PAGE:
Believe me, this has been just as frustrating for me, at times, as well. My health and being there for my kids is of utmost importance for me, and trust me, I would never knowingly do anything to risk my health or harm my body. I am doing what I feel is best after much research. That said, I will also restate that I have no intention of doing Medifast forever, or even for another year. I have learned a lot on this plan about how to eat, cook, and enjoy meals based on a proper balance of lean protein/fresh veggies/healthy fat and that I don't need carby side dishes to have a complete meal. I have learned what my portions should look like, and that eating small, protein-rich meals every 2-3 hours helps keep my blood sugar stable and keeps the binge monster at bay. I've learned to deal with my feelings instead of stuffing them down. I am so, so thankful for all of this and I would not go back and erase any part of my journey, even though it is taking longer than I thought it would. I drew a line in the sand last month that if I was faltering and unable to stick to Medifast by March 1, I would go back to calorie counting (in a low carb state). I also decided that I need to be starting the Transition program by my birthday this summer, *if* I continue that long. I do want to transition properly, adding food groups back in slowly to see what effect they have on my cravings.

I am getting the proper amounts of protein, fats, carbs, fiber, and water. I get more than enough protein to protect my muscle mass from being used as fuel (research protein-sparing diets for more information on this). I am getting the correct amount of vitamins and minerals, the same as one gets from a good mulit-vitamin, from the Medifast food. I am getting nutrients and phytochemicals from the 1.5 to 3 cups of fresh vegetables I eat daily. Nothing essential is missing, here. The only thing in deficit is calories, and I have enough of those in my fat cells to make up the difference (and that is the point... calorie deficit = weight loss). Unless my extensive blood tests show that I am in some nutritional deficit (which so far they have not), I trust that my doctor is correct and I am, so far, improving my health rather than hurting it.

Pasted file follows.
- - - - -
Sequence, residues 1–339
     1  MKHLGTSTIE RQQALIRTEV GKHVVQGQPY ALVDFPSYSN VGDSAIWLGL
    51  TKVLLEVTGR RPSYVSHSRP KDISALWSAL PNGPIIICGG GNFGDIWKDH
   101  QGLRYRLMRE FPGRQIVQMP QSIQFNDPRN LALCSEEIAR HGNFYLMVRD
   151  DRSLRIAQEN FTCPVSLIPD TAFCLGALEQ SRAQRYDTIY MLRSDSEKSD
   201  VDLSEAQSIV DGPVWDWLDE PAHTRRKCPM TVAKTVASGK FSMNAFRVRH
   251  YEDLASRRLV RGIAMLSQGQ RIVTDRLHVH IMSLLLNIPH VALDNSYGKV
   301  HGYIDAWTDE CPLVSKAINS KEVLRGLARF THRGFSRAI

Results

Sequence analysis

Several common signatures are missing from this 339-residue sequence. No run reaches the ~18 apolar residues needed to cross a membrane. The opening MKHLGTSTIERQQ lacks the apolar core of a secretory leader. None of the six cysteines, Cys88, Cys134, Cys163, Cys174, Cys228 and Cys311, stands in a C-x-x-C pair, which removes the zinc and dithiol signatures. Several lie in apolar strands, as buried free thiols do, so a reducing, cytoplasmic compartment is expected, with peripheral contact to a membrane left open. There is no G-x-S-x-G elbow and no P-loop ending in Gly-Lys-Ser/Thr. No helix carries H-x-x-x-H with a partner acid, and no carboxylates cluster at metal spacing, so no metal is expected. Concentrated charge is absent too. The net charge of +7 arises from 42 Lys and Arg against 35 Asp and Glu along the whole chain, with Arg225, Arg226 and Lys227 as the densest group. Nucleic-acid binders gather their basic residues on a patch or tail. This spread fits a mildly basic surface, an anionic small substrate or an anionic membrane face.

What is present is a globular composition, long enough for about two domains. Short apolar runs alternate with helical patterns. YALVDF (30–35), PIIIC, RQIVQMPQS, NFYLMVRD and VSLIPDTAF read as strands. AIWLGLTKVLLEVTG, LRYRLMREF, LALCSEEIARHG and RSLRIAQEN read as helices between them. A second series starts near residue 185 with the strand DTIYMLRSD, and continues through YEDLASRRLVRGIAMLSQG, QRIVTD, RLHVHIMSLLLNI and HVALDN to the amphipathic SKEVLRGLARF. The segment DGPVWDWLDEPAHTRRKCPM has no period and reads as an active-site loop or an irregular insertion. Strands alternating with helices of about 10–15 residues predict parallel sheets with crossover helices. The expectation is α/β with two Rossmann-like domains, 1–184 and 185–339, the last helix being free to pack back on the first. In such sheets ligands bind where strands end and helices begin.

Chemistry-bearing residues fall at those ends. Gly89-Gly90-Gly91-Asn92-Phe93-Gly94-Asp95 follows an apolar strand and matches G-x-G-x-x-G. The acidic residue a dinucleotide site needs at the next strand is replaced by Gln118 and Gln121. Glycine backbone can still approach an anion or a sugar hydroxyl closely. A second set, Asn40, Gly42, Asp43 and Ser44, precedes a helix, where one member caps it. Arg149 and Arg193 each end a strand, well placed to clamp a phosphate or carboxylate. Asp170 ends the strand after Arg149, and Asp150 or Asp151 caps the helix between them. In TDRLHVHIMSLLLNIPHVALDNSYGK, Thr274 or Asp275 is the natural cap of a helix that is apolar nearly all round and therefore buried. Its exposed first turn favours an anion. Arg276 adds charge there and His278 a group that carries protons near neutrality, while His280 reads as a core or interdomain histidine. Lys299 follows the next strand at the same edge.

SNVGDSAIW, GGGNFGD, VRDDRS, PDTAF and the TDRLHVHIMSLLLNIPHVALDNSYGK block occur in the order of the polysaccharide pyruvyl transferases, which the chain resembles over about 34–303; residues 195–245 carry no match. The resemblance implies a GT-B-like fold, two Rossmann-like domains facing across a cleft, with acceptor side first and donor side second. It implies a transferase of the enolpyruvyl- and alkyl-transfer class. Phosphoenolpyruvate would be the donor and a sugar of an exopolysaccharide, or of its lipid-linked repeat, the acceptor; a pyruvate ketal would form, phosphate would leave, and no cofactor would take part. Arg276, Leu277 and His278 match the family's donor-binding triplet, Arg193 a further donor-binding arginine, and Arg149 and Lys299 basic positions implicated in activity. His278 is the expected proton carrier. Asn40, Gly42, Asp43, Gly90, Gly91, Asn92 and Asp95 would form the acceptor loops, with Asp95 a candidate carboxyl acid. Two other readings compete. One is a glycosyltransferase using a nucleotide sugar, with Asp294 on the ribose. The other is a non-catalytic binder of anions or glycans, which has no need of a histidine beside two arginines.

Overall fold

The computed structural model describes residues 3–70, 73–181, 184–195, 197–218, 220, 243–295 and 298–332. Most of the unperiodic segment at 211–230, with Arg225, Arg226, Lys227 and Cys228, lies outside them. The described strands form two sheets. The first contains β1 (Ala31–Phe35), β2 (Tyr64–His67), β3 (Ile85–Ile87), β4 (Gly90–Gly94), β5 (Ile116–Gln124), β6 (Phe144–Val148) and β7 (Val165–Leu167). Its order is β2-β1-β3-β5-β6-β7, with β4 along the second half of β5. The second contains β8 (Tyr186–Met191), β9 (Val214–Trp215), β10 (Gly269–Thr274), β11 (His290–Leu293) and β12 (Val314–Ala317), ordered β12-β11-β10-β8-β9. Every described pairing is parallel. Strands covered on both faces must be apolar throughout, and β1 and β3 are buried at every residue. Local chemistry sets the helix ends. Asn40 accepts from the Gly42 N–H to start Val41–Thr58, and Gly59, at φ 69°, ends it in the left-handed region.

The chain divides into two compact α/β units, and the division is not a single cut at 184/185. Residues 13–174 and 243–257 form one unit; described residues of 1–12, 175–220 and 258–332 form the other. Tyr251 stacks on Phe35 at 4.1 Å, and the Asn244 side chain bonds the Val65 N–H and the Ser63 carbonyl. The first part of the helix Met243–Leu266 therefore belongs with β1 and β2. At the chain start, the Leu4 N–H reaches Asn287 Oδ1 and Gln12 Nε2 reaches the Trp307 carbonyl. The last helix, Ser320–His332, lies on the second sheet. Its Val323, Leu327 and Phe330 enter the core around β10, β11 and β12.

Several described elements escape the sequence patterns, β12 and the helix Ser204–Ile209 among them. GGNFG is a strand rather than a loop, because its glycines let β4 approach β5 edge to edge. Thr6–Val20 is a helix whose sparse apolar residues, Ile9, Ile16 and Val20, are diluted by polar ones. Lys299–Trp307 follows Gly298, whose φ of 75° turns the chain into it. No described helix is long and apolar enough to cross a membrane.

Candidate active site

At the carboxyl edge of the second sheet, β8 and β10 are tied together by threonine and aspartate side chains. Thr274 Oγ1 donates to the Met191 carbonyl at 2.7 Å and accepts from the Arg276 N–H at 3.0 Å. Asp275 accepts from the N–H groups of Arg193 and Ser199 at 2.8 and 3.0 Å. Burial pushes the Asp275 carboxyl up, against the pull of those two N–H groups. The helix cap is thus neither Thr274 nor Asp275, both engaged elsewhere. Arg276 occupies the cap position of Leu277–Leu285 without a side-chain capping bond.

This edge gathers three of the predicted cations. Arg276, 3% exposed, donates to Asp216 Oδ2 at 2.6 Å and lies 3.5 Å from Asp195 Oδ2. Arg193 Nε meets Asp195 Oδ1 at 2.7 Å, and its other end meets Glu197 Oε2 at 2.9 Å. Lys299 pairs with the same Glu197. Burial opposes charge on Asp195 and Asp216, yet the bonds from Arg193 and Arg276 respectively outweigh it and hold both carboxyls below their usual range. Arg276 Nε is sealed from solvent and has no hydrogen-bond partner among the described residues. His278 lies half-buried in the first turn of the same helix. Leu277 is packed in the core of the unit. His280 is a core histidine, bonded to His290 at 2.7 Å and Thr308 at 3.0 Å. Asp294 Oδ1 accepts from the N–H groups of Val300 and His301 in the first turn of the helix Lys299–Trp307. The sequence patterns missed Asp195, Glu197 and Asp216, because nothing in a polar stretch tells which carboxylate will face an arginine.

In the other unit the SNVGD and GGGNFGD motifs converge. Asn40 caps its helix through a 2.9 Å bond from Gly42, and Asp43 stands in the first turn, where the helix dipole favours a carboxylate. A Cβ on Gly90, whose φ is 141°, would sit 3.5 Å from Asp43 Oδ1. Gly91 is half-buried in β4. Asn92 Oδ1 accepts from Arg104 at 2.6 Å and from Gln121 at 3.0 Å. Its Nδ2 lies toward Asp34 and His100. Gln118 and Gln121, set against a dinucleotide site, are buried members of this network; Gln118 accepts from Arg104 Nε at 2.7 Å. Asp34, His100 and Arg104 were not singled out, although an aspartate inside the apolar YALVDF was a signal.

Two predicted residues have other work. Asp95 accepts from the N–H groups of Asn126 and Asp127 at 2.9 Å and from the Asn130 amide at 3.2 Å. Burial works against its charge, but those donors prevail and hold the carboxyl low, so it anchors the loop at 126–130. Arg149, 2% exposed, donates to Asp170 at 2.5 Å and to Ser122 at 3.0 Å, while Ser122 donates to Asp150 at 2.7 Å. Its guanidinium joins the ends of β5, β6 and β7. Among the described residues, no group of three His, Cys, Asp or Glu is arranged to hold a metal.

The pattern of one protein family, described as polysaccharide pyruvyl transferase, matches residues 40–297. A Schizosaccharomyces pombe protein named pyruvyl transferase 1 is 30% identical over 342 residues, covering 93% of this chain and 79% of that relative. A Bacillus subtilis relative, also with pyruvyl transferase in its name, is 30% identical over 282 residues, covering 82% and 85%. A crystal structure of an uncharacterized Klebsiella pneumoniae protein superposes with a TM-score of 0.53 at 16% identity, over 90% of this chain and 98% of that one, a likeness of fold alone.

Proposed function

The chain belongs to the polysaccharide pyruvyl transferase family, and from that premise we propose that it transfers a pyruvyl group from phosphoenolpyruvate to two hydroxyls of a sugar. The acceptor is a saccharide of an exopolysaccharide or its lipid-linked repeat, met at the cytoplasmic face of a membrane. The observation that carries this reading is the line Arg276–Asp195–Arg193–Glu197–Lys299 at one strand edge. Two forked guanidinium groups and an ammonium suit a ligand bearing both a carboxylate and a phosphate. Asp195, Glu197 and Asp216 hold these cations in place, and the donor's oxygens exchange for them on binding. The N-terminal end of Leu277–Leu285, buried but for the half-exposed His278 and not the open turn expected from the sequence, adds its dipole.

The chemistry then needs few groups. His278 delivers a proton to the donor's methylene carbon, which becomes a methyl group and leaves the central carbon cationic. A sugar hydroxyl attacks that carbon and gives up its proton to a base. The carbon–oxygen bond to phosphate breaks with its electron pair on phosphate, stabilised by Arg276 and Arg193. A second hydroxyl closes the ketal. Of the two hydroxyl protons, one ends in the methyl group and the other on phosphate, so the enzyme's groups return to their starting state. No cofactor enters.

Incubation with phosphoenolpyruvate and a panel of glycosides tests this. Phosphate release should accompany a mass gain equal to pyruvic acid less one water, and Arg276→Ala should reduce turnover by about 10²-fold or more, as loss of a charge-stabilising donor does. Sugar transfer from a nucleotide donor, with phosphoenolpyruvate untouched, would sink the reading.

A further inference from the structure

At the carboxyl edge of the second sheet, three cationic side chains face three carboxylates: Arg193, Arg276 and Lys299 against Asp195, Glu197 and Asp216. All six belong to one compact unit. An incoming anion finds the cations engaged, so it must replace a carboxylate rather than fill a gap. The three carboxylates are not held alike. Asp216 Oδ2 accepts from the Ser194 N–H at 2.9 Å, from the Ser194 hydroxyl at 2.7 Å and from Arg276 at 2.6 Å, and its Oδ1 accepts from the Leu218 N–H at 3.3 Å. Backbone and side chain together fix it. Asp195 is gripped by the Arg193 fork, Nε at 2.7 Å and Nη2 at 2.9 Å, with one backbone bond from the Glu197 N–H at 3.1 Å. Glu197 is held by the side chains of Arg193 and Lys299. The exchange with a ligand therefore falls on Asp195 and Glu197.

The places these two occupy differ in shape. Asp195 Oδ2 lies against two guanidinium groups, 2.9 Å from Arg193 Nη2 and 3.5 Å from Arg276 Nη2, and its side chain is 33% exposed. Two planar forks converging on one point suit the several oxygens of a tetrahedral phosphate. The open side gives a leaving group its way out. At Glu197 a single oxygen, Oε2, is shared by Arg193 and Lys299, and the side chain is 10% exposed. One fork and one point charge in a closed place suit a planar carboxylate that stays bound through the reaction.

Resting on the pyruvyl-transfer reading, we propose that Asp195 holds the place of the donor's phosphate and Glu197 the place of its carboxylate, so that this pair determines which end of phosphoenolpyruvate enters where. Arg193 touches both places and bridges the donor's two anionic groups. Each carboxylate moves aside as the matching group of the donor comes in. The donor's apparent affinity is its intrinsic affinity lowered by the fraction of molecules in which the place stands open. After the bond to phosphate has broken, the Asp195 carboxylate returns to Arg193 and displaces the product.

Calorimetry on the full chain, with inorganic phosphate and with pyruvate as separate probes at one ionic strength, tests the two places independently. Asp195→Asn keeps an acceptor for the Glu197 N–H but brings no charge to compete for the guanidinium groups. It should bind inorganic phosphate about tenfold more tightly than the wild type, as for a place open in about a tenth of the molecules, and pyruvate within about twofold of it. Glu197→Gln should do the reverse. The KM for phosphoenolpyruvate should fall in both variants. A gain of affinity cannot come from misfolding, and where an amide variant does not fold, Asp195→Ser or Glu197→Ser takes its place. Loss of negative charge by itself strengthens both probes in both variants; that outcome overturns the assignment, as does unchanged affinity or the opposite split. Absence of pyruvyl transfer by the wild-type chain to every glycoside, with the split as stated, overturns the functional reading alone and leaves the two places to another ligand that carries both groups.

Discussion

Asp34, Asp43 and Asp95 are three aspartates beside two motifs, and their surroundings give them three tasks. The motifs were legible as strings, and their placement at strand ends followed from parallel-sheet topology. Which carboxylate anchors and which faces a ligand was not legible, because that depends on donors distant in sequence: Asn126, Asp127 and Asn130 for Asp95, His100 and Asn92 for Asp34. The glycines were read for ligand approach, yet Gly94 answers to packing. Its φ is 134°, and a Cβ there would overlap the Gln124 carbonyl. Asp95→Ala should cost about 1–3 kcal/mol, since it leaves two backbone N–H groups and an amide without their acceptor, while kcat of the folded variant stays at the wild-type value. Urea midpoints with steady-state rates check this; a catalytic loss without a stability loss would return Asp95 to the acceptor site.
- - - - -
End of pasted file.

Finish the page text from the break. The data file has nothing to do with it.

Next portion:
I know it is hard to get the 'tone' of typed words on the Internet, but I want you to know that while I am defending my choice in this post I am not feeling/writing in a *defensive* tone. I just felt like I should explain a little, because it is touching to me that so many people truly care and are worried about me. I am glad to have so many watching out for me and I value your feedback and I do consider all of it. I will keep you updated with what my doctor says and what the blood tests say as well. Thank you for letting me know what you think.